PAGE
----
PavCo Multimedia Synergistics Weblog

November 21, 2008

TV Cancellations

This morning, in blogging the new version of Cupid, I observed that the show probably wouldn’t last, since it’s hard to keep such shows on tv for long.  (The video is now working in that post, btw).

This afternoon bore out my pessimism in general; two of the more original and distinctive shows to debut in the 2007/2008 strike-shortened season, Pushing Daisies and Eli Stone, were cancelled today, along with Dirty Sexy Money.  All three will finish out their original 13-episode orders for this season, but won’t make any additional episodes.  Hopefully, the networks will air all of those episodes, and not wait to feature them on DVD collections.

Daisies, while visually stimulating and wittily written, was easily predictable as having a short life expectancy; it lived and died on its frenetic pace, something that wasn’t really sustainable long term. The creators have said that the storyline will finish up in comic book form (probably from corporate siblings DC Comics or Wildstorm), which is actually somewhat fitting, since the show was previewed in comic book form at the 2007 San Diego Comic Book Convention.

I’m more disappointed by the demise of Eli Stone, a quirky, fun series which was more-or-less a conventional legal comedy/drama (think LA Law), with a weekly musical number and an aneuryism-induced vision or two thrown in to keep it interesting.  With good, sometimes subtle performances by Jonny Lee Miller (the first Mr. Angelina Jolie), Victor Garber, Natasha Henstridge, and Julie Gonzalo, this one had a good chance of staying around for quite some time.  Too bad it won’t get the chance.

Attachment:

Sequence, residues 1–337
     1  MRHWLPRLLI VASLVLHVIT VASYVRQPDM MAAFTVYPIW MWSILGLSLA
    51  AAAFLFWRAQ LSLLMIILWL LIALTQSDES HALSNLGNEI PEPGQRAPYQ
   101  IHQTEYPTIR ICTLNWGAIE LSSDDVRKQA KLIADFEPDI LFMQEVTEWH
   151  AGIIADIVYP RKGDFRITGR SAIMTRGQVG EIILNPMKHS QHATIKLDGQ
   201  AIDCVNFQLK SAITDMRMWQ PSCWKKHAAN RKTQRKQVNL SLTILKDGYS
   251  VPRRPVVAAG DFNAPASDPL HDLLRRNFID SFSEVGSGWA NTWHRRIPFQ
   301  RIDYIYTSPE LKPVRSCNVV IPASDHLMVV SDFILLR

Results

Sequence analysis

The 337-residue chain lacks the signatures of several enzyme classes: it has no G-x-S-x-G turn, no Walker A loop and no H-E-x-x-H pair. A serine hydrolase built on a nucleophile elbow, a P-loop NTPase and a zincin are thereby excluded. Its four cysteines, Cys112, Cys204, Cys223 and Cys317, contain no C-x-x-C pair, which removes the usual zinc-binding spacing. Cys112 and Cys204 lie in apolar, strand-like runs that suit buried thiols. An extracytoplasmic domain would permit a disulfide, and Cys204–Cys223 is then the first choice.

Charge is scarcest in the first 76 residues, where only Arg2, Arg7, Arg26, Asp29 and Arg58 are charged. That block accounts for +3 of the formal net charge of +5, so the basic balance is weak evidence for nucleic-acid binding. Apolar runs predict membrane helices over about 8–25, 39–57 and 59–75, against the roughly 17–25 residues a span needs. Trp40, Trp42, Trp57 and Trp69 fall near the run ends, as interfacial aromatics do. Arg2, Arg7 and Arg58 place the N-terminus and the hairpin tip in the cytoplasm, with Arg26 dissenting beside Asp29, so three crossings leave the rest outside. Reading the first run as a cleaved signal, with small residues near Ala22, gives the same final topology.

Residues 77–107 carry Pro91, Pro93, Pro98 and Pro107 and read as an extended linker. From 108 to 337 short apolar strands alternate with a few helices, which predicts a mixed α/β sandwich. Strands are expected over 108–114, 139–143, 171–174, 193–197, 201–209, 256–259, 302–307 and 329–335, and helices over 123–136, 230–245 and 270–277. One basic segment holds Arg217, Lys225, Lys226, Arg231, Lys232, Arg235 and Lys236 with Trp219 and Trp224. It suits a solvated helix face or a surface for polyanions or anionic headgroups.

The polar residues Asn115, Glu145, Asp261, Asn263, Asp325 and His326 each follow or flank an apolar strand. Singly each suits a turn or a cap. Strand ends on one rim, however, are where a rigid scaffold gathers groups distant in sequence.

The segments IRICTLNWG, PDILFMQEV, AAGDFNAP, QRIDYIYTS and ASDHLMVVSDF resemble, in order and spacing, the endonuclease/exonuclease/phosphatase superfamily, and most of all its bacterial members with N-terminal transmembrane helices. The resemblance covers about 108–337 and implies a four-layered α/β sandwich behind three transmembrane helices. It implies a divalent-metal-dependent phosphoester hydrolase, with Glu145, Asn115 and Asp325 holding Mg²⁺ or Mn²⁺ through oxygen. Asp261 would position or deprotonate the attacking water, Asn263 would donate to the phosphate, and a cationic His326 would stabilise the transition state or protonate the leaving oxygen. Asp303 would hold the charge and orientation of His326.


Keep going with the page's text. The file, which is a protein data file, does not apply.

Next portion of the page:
I also watch Dirty Sexy Money, but it’s more of a guilty pleasure.  I’ll miss it, but not in the same way as the other two, and not for as long.

October 5, 2007

Daisies and Tigers and Beavers (oh, my)!

Quick Friday notes:

Pushing Daisies is airing again tonight at 7 p.m. Watch it. If you watched it the last time, watch it again.

Point made?

For those of you who live in the St. Louis area and are Mizzou Tigers fans (or, I guess, Husker fans), the Mizzou/Nebraska game tomorrow night is being shown in digital at Wehrenberg’s Ronnie’s 18 (or 93 or however many screens they have now). It’s on “the big screen”, but I’m guessing that just means the screen’s bigger than your tv. Tickets will be available starting at 8 p.m. tonight, and are free. Check out this link for more details.

And I neglected to wish you a Happy Beaver Day yesterday. No, Mr. Dirty Mind, we here at PCMmS do not use that particular word as a slang term. Yesterday was the 50th anniversary of the first episode of Leave it to Beaver. That could have been one of the shows I listed yesterday as having jumped networks.

October 4, 2007

TV Past and Future

Thanks to all who watched Pushing Daisies last night. It won its time slot handily in the ratings, coming in second for the night, behind only Criminal Minds. This was thanks in large part, one would have to figure, to the almost universal raves it got. In fact, this was one of the few times that I can remember when reviewers (professionals) actually begged people to watch a show. The interesting test will be next week, on both ends: Will the episode be as good, and will as many people tune in to it?

In my preview post earlier in the week, I forgot to mention that tonight’s 30 Rock premier features the return of Jerry Seinfeld to episodic tv. Hey, anything that gets more people to watch the Emmy-winning comedy is fine by me.

Also, I missed a show on the weekly premiere preview: Law and Order:Criminal Intent premiers tonight. But I missed it because it’s not on one of the big 5 (and yes, the “big” is relative) networks. The show, while still making new episodes, has moved from NBC to USA. This is not unprecedented. A number of shows have jumped networks, and Baywatch started out on NBC before jumping to syndication, and a few shows (boxing reality program The Contender comes to mind) actually have moved to a cable network mid-season to finish their runs. I think The Contender is actually still producing new episodes as well, a number of seasons down the line. It is, however, the first time that a member of one of the major “tentpole” families (L&O and CSI) have supplemented their endless cable reruns with new episodes. If only Crime and Punishment (the L&O family’s reality show) had managed to find its way to CourtTV.